The Anti-Hedge

 “Research suggests that once a musician had enough ability to get into a top music school, the thing that distinguishes one performer from another is how hard he or she works. That’s it. And what’s more, the people at the very top don’t work just harder or even much harder than everyone else. They work much, much harder.” – Malcolm Gladwell, Outliers

Malcom Gladwell’s quote above aptly links meaningful levels of achievement with substantial hard work. There simply is no other formula for achievement, nor shortcuts to differentiation.  No individual who has made a mark on our history or found themselves on the front cover of some magazine has fallen backward into that position of renown or influence. Albeit an icon for many, especially us runners, Forrest Gump, falling backward into renown works in Hollywood and fairy tales, but it only works there. Hard work, razor-honed talent, and an incessant commitment to work is the key. Like it or not, prodigious work is the compulsory initial step.

Several years ago, I sat down over coffee with a man I respect. In this conversation over exorbitantly priced coffee and desserts I cannot pronounce, he stated, “If you love what you do, you’ll never work a day in your life.” I care about this man, so I smiled and acknowledged his statement. The thought that came to my mind was, “Hey Forrest, life is like a box of chocolates, you never know what you’re gonna get, but rest assured, what drops in your in your lap will almost always require a napkin.” But judiciousness and civilized deportment won the day, and I took another sip of my overpriced coffee and bit my tongue in the name of brotherhood.

Let’s all get honest and make a collective admission here. Mere mortals and yours truly, would often rather sit down on a warm Sunday afternoon and take in the sun, catch a game, or even take a nap. In fact, I have personally learned to use sophisticated words and philosophies to excuse and justify my enjoyment of the “good life.” Nevertheless, you allow me to pursue a dream or a goal and this Sunday afternoon sloth transforms into a relentless, workaholic, crazy man. Is it the hard work that creates this internal burn and passion? Not a chance. But the vision unmistakably does. Steve Jobs, Founder, CEO, and the previous generation’s greatest visionary nailed it when he said, “If you are working on something exciting that you really care about, you don’t have to be pushed. The vision pulls you.” A simple but irrefutable truth that if grasped, will utterly transform how you approach life.

We all intuitively understand that there is nothing more dangerous or intimidating than backing someone into a corner or pushing them to “a point of no return.” Energies, focus, and commitment previously laid dormant, ignites into an unbendable resolve that is simply unstoppable. Take for example, Julius Caesar. In 49 BC, Julius Caesar crossed the Rubicon, marched into Italy and violated nearly every code that had been established by the Roman Senate to protect their authority and rule. Army’s had to be disbanded before entering Italy. For whatever reason, Julius Caesar decided to cross the invisible line of treason and its grounds for execution and standing on the edge of the Rubicon, stated, “Alea iacta est”, “the die is cast.” At the edge of the Rubicon, the point of return was cast, and both figuratively and literally, he prepared his men for a battle they simply could not lose. Why? Because he had to win, there was simply no alternative. Had he marched his men into Italy and been deterred, he would have been executed or at best, arrested. The Rubicon was Julius Caesar’s point of no return, and he played it masterfully.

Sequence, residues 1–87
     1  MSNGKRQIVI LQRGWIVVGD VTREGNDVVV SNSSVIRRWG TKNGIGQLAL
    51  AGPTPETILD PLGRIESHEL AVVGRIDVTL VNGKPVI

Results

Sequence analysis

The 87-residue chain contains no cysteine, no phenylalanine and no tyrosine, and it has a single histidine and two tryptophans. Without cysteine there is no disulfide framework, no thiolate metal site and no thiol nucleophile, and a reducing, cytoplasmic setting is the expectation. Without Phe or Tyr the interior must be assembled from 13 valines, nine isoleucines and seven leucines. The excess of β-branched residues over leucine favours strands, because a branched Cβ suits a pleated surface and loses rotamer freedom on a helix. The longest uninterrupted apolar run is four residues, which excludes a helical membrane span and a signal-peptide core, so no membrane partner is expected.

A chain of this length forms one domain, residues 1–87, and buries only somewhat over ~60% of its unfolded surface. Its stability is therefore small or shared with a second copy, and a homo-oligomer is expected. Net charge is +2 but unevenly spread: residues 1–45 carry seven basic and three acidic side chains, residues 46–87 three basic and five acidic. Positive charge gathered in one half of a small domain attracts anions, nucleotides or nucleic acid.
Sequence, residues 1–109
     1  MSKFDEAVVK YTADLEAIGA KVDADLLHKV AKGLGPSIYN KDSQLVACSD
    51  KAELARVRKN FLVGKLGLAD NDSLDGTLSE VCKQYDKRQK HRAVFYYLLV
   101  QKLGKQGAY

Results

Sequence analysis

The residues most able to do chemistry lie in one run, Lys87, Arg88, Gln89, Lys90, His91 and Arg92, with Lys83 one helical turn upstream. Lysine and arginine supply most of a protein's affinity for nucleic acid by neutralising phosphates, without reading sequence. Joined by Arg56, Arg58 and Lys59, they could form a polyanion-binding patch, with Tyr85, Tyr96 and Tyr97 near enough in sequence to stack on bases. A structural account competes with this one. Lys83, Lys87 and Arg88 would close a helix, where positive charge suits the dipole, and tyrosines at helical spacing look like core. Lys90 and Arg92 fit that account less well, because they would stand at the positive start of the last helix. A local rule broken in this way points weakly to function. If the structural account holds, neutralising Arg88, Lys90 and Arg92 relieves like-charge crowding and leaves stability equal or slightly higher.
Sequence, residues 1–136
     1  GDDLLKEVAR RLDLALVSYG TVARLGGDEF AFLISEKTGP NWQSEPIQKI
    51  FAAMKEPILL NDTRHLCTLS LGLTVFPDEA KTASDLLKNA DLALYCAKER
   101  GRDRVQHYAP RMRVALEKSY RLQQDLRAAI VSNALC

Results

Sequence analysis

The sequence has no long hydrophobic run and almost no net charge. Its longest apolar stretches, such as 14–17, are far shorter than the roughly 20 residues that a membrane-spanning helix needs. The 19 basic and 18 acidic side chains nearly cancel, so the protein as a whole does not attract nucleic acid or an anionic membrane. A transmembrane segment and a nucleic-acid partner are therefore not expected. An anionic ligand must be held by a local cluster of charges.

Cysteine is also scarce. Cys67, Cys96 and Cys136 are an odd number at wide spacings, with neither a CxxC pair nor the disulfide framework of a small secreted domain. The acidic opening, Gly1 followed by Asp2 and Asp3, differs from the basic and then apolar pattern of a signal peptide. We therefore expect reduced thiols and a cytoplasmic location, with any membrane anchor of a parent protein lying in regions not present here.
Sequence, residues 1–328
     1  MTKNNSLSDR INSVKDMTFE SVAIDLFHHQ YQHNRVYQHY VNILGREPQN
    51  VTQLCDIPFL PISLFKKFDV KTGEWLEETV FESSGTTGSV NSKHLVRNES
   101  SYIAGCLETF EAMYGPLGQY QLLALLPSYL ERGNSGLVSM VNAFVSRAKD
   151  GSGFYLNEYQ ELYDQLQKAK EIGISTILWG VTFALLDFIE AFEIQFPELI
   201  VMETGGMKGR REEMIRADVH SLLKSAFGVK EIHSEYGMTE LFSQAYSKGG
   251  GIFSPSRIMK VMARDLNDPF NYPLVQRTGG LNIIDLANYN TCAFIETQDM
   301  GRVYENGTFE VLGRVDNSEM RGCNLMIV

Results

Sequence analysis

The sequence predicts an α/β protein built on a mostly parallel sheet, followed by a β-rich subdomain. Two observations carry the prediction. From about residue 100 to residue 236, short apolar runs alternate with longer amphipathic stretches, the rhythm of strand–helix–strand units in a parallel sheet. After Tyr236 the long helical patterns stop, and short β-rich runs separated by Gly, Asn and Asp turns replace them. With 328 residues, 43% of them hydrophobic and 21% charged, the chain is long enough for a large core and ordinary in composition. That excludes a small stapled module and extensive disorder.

In 1519, Hernando Cortes, packed up his gear, boarded a ship and led an armada to the shores of Veracruz, Mexico with the intent of expanding the Spanish colonization of the Americas. The environment was harsh, riddled with disease, and to make matters worse, a committed native opposition who had found themselves backed into a corner, committed to holding their homeland. Suffice it to say, the prospects for Cortes did not look bright. Morale among his men was low and more than a handful were intent on leaving the island. Knowing the prospects of success, Cortes did what any normal person would do [insert sarcasm here], he destroyed the ships and in doing so, eliminated all hope of escape or returning home. Confronting the overwhelming odds and the psyche of his men, he did the only logical thing possible; he eliminated any alternative to victory. Retreat and a safe passage home were no longer viable. In ordering the destruction of the ships, he backed his men into a corner, and they somehow found the resolve and focus to finish the mission.

The simple message of these tales of conquest is simple. Our beliefs regarding what is possible, dictate what is possible. Nothing more, nothing less. Your own visions or the visions of the organization must be more than compelling enough, as well as its consequences for failure, to push people (or yourself) into the corner and create an outcome. But for most mere mortals, the fact of the matter is that we are not lazy, inept, or incompetent…. We are simply too fearful of failure and lack the courage to “go all in.” It is called timidity, it’s the ride of the coward, and that my friends, is why you are not living the life or leading the organization you know is possible. Impact and influence first begin with the ability to simply say, “Alea iacta es” – The die is cast, now go burn the ships. Until that call is made, cash it in, leave the table and pass on the torch to someone who is.